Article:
The flaw, which exists in AIM's HTML rendering function that relies on an embedded Internet Explorer (IE) server control, could allow an attacker to deliver malicious HTML code as part of a conversation, according to Core. This permits an attacker to exploit IE without user interaction, or target security configuration weaknesses in the browser.
Other flaws included remote exploitation of ActiveX controls in the corresponding security zone and cross-site request forgery and token and cookie manipulation using embedded HTML.
Ivan Arce, Core Security chief technology officer, told SCMagazineUS.com on Tuesday that the company discovered the flaw on Aug. 1 and reported it to AOL on Aug. 21 after investigating the problem for three weeks.
Core recommends that users download and install a non-vulnerable version of AIM or use AOL's web-based AIM Express service until AOL has fixed the problem. Classic AIM 5.9 and the beta version of the next release (220.127.116.11) are not vulnerable to the flaw, according to Arce.
“[The types of vulnerabilities can appear when an application] offers more functionality and becomes more complex," as was the case when AOL moved from AIM 5.9 to 6.1, Arce told SCMagazineUS.com. "When you expand the footprint and complexity of an application, it's more prone to problems, and that's exactly what happened in this case."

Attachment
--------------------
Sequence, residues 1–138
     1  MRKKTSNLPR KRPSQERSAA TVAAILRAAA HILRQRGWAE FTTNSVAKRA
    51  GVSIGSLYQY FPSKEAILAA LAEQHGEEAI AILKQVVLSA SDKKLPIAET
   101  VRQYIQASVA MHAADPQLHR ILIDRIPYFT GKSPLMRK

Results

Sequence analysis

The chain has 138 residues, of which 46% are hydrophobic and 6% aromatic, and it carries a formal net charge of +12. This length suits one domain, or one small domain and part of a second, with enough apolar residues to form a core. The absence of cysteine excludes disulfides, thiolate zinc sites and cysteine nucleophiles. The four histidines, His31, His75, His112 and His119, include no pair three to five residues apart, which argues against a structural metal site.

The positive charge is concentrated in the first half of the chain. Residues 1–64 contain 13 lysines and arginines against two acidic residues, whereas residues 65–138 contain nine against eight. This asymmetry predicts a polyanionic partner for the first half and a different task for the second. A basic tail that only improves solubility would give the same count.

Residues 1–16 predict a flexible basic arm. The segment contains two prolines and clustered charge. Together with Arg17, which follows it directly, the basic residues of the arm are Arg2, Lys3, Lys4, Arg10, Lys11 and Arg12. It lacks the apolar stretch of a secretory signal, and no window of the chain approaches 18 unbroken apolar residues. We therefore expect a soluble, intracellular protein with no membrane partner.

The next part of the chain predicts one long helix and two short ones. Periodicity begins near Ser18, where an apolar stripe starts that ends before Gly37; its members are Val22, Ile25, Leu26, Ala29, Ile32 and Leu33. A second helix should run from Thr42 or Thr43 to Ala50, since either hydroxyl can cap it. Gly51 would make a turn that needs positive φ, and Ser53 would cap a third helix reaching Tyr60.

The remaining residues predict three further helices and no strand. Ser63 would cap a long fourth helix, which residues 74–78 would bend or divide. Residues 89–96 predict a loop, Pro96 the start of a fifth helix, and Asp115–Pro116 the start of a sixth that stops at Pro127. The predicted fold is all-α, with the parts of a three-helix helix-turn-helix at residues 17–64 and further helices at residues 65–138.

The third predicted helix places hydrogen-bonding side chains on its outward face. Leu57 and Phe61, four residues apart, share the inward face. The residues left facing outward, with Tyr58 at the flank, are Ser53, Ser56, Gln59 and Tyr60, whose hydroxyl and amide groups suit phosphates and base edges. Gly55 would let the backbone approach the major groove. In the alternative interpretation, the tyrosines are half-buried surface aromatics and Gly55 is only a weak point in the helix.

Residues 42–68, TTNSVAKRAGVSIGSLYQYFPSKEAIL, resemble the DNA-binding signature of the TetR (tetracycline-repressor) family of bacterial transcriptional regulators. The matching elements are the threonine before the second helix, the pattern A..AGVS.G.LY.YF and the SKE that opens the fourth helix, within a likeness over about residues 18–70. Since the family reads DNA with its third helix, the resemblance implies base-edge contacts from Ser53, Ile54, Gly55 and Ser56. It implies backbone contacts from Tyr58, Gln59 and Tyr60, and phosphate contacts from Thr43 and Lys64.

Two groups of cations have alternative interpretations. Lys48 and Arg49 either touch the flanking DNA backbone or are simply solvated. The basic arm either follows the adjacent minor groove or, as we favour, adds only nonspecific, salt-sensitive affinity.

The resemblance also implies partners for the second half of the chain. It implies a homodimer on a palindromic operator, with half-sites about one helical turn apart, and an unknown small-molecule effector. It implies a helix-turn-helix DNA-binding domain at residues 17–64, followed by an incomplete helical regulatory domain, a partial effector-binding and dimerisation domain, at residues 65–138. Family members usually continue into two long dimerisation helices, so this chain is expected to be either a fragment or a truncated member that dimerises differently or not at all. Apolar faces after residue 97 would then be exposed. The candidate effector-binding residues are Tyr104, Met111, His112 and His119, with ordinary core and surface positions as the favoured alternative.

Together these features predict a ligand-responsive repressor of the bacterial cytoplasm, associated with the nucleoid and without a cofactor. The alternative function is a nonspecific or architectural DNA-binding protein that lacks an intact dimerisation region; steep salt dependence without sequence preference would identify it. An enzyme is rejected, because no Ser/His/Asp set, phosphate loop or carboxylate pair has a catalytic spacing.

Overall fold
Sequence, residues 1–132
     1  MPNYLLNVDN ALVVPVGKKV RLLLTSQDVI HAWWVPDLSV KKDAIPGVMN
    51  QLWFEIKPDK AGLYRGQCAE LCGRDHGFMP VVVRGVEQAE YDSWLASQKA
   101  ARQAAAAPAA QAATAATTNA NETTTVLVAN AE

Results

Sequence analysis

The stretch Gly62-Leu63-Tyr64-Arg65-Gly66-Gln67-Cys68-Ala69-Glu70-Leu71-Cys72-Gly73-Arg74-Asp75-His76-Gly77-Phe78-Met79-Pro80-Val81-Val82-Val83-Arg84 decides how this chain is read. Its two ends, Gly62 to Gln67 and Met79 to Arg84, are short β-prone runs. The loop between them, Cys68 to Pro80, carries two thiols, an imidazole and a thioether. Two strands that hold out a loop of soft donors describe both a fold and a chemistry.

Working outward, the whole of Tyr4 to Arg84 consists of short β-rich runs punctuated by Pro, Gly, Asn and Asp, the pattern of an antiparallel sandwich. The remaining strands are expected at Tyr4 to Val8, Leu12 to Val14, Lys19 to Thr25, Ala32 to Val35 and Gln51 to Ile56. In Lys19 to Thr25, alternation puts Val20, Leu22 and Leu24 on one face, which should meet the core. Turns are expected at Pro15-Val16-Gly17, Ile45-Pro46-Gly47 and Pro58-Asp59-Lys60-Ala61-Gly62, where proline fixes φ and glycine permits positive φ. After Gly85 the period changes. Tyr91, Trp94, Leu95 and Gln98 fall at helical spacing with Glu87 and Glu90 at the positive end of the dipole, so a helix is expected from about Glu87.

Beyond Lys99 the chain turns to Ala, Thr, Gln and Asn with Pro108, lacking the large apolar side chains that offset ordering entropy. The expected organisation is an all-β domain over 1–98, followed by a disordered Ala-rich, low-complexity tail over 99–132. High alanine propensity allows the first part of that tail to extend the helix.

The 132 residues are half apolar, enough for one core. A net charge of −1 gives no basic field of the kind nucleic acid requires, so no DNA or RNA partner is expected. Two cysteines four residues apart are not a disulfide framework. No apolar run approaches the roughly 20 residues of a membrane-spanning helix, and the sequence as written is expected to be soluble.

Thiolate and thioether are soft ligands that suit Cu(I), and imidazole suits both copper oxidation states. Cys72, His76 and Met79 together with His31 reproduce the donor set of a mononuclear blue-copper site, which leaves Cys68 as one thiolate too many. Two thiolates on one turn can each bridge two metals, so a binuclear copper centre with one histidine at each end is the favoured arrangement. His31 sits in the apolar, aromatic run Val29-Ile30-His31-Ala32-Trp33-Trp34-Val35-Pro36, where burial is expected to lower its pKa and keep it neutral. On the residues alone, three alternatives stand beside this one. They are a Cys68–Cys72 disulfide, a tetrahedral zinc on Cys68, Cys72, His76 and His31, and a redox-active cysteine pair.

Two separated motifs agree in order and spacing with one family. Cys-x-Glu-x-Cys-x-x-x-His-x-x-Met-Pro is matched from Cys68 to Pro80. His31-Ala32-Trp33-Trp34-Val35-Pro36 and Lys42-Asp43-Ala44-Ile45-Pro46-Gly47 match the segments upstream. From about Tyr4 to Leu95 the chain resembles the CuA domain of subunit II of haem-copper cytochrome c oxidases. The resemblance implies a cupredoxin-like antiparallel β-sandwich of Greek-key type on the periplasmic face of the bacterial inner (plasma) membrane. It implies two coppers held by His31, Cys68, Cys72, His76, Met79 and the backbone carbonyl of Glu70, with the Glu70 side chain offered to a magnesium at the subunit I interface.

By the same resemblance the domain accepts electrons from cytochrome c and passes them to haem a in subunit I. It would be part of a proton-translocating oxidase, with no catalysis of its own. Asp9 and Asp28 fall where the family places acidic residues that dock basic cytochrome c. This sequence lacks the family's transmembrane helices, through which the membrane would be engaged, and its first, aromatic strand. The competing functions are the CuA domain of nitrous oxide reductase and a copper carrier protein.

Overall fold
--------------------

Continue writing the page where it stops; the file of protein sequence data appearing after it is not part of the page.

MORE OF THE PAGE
Core said AOL has acknowledged the problem and recommends that AIM users upgrade to the latest version of the AIM beta client, which can be downloaded here.
"The safety and security of AIM users is of utmost importance to us," AOL said in a statement. "To that end, we quickly take the necessary steps to block malicious content from reaching our users. We have resolved all of the issues presented to us by Core Security within all past, current and future versions of AIM."
Core Security, however, "believes otherwise."
Core said in a prepared release that the fix in place is a “Band-Aid,” covering only exploitation over the IM channel on AOL server, but many AIM users are still at risk.
See original article on SC Magazine US
Users of AOL I.M. at risk of attacks
By Jim Carr on Sep 27, 2007 9:38AM